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Dabbousi et al. direction in the ZnS shell to fit the experimental profiles. The presence of stacking faults along the [002] direction in these types of structures is due to their low energy of formation,39 leading to preferential growth along that direction. This results in elongated particles with aspect ratios close to 1.3 and 1.4 as determined from TEM and SAXS. Defects in the ZnS shell may be the source of new nonradiative recombination sites and thus lead to a decline in the quantum yield of composite particles with thick ZnS shells. Finally, we speculate as to the mechanism by which ZnS grows on top of the existing CdSe seed particles. Excluding the presence of separate ZnS particles, the growth of ZnS on the CdSe nanocrystals may be described one of three ways: coherent epitaxial with a large distortion or strain, incoherent epitaxial (with dislocations), or highly disordered. The presence of a highly disordered ZnS shell can be eliminated because the X-ray diffraction peaks clearly originate from a crystalline structure. The other two possibilities are more difficult to differentiate. The initial growth of ZnS on the surface of CdSe is hard to characterize from the data available. The WAXS patterns for the low-coverage samples are dominated by scattering from the heavier Cd and Se atoms, so very little information can be derived from the ZnS shell. TEM studies show that lattice planes extend straight across particles, with no evidence of an interface, consistent with a coherent epitaxial mechanism for the growth. However, at a coverage higher than 2 monolayers, WAXS studies indicate that the ZnS shell grows with the bulk lattice parameter, indicating an incoherence between the core and the shell. In this case TEM and WAXS are complementary. The nanocrystallites in the TEM micrographs appear to have an epitaxial ZnS shell, but the resolution was not sufficient to measure a difference between core and shell lattice fringe spacings, and dislocations or defects in a plane other than that in the micrograph cannot be observed. WAXS patterns clearly show that the ZnS shell has its own lattice parameter, but simulated spectra were insensitive to the orientation of that shell. Using the information from these two techniques, we describe the thicker overlayers as epitaxial but incoherent. Regarding the actual mechanism of ZnS shell growth, there are two likely scenarios. The first and most likely possibility given the TEM and WAXS data is that the growth could initially be coherent at low coverage, but as the thickness of the shell increases, the strain due to the lattice mismatch (12%) between CdSe and ZnS could lead to the formation of dislocations and low-angle grain boundaries, relaxing the structure and causing the growth to proceed incoherently. These defects could be the source of nonradiative recombination sites within the ZnS overlayer. This behavior has already been reported for ultrathin CdSe/ZnSe quantum wells where the lattice misfit between subsequent layers is only 7%.40 In this case, the reduction in the PL intensity was attributed to the generation of misfit dislocations when the thickness of the CdSe layer exceeded 4 monolayers. Another possibility is that the growth begins with a large density of nucleation sites producing many, small islandlike clusters of ZnS with a structure locally coherent with the core. These islands then coalesce as the thickness of the shell increases to form a continuous film on the CdSe surface with a structure that has relaxed at the outer boundary to that bulk ZnS. The formation of grain boundaries as the islands coalesce could then be the origin of nonradiative recombination sites. In either case particles with very high ZnS coverage would have the bulk ZnS lattice parameter, and their quantum yield would decrease with increasing ZnS coverage as is observed in these samples.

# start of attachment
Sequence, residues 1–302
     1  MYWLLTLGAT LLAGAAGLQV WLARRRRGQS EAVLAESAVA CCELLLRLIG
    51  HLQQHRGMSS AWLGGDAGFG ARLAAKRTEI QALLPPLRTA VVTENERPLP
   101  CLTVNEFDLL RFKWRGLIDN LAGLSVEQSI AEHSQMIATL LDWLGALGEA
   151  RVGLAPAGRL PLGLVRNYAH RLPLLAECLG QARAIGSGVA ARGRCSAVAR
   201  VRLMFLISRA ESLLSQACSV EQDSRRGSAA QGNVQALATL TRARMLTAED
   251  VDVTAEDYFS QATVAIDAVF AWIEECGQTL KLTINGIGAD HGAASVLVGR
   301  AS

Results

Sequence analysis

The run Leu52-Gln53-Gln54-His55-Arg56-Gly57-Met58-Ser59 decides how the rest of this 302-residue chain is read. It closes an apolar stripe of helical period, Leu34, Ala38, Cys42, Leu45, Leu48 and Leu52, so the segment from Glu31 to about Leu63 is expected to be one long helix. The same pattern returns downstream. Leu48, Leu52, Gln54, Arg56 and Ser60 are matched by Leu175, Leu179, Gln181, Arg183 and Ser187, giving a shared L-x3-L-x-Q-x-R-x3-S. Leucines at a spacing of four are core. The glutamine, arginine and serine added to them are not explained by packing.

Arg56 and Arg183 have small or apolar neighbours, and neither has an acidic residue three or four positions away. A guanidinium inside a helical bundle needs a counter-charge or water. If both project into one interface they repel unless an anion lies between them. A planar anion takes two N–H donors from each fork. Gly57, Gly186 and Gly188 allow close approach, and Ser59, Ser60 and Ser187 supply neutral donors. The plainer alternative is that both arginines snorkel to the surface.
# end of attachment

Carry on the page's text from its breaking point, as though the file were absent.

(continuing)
Figure 16. Energy difference between bare -16 radius CdSe and (CdSe)CdS particles as a function of the CdS shell thickness. The experimental data appear as solid circles with error bars representing the size distribution obtained from TEM measurements. The estimated energy shifts for these particles assuming a 4 eV (10 eV) barrier for the electron (hole) to tunnel into the surrounding CdS matrix are shown for comparison (solid line).